Day 8 - Fall Sweep : The 5 Part System That Will Get Rid of Paper Clutter for Good

Declutter declutter your paper organize

Paper clutter can quickly take over, say, a dining room table. I know this one really well. The best thing you can do is prevent it. (We went over that on Thursday). But the second best thing you can do is to set up a streamlined system to keep your papers under control.

Your system doesn't need to be complicated, it just needs to work.

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Set up a system for handling paper clutter, then use it on your existing paper piles.

If your current system isn’t working like it should be, you may have one of these five areas missing.

1.  Trash & Recycling

Toss your envelopes, inserts and bulk mail right away. Anything sensitive should be shredded.

2.  Short-Term Needs

This includes coupons you might want to use, or a flyer for an event you might attend. Basically, anything you might want to reference in the near future. Give these a home where you’ll see and remember them. You can stick them to the fridge, or stash them in a basket or tray somewhere. (I have mine in a little tray on the kitchen counter).

3.  Action Items

This category is for anything that needs doing. Bills that need to be paid, or invites that need to be RSVP’d for. A good place for this type of mail is in or near your workspace—or wherever you tend to sit when you’re dealing with grown-up things like this. For instance, if you carry the same bag to work every day, put these things in your work bag to be dealt with the next morning as you settle in. Or place them in your favorite chair when you get home and commit to handling them before TV time that night.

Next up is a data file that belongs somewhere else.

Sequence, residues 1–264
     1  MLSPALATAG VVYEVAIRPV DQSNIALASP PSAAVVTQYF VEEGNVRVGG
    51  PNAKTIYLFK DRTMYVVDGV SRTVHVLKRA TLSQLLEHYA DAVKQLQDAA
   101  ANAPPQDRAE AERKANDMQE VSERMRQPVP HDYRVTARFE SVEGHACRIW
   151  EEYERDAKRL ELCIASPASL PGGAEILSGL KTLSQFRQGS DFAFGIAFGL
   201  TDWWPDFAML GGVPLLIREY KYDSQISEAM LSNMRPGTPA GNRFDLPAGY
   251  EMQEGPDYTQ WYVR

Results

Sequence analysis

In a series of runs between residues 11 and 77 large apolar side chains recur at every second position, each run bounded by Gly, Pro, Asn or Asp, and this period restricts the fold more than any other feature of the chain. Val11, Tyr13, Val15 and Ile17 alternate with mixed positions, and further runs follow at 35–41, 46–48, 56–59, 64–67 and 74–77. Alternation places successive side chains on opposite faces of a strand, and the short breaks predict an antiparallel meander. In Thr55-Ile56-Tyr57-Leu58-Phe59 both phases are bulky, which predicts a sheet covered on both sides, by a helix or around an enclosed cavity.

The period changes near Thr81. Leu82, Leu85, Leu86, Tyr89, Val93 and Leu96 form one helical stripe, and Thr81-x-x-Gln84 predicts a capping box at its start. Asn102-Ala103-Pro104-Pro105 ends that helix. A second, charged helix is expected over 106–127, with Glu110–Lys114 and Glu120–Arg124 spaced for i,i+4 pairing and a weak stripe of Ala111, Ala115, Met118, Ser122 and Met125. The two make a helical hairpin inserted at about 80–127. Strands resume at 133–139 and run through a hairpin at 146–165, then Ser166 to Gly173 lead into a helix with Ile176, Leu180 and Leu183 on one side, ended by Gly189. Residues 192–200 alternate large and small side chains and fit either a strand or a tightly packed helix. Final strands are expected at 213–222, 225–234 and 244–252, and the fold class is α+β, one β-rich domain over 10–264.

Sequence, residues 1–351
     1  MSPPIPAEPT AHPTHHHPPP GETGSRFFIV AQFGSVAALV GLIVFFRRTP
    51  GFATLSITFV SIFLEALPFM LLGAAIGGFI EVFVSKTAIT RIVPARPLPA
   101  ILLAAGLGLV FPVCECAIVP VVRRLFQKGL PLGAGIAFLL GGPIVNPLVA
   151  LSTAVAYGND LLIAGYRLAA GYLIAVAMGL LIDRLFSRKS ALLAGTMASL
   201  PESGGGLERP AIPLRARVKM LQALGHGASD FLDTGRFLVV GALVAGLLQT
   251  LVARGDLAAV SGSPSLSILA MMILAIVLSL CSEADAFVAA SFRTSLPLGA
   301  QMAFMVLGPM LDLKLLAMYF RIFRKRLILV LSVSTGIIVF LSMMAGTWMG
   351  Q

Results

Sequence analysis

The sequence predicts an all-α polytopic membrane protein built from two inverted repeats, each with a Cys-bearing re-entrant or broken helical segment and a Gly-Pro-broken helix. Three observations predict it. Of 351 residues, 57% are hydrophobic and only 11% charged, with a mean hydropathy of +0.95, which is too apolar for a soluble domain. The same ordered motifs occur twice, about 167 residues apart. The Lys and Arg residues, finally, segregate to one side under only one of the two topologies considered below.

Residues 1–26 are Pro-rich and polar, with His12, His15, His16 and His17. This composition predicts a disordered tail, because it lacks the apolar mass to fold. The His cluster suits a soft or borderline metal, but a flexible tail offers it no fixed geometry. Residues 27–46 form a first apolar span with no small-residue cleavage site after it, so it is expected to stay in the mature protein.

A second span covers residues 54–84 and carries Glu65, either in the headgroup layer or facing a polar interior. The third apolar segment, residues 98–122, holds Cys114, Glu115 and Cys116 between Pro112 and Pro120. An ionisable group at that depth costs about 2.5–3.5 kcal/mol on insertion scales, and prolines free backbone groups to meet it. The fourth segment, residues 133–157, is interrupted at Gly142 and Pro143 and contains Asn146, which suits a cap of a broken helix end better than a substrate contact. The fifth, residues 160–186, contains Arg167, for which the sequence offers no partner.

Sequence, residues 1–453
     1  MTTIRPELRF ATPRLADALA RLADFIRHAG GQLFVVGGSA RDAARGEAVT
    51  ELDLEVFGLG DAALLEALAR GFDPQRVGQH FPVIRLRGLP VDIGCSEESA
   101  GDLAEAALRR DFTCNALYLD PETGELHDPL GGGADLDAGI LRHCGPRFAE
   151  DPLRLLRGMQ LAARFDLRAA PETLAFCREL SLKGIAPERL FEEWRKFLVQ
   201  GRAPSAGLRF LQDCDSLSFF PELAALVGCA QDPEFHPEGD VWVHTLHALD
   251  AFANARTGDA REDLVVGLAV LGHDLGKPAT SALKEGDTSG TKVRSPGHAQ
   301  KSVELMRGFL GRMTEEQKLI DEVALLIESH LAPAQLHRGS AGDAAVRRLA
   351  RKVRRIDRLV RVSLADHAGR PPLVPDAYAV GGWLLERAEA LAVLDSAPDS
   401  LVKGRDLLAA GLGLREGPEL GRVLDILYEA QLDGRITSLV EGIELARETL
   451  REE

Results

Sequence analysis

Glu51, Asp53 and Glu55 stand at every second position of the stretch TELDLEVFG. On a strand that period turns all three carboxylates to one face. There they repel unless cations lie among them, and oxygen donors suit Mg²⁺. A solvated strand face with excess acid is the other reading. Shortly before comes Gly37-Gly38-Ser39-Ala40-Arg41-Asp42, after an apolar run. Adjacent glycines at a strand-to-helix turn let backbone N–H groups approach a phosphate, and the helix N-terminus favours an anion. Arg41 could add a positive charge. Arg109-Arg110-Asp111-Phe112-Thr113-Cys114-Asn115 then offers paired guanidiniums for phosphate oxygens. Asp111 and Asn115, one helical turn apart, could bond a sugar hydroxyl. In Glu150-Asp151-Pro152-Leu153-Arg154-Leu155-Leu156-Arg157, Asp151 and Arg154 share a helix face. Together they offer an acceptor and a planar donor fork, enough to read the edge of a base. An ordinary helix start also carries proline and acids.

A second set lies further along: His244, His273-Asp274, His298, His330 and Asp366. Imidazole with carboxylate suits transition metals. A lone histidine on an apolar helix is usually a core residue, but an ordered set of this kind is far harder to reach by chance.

4.  Long-term Filing

Anything you need to keep for your records should have a permanent (and ideally, fire-safe) place. Get yourself a compact filing unit and commit to putting long-term paperwork inside it the day it arrives.

5.  Leisure Mail

These are your catalogs, magazines and newsletters. You should drop them wherever you hang out at home—like right next to the sofa or on the coffee table. You can stay on top of this paper home library by retiring issues when you’re done reading them, or when the next issue arrives, or just on a regular schedule (say, recycle everything every Monday night).

Like I said, this system doesn’t need to be perfect. Once you have a spot in mind for each of the categories of paper (and the “spots” might not seem obvious, at first), you should put it into practice on the paper piles you have at home right now. Gather it all up from the dining table, entryway, desk, and kitchen counter, and sort it into the five categories above.

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If you have way too much paper clutter to handle right now, just focus on going through just one small zone.


Clear three things from your monster zone.


Jane at



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